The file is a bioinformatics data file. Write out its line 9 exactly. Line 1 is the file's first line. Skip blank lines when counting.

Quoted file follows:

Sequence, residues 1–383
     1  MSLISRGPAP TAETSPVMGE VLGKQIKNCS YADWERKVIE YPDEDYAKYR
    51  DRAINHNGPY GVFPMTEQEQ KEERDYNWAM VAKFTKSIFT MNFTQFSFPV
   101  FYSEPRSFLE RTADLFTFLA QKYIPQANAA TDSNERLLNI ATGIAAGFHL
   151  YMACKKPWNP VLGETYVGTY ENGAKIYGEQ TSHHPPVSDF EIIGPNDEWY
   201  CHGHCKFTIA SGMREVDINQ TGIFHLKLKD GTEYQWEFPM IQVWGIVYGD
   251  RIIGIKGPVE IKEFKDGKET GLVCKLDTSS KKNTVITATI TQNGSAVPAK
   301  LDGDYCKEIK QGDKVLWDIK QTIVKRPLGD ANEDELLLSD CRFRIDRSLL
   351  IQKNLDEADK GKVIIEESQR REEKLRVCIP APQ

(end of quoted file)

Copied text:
   351  IQKNLDEADK GKVIIEESQR REEKLRVCIP APQ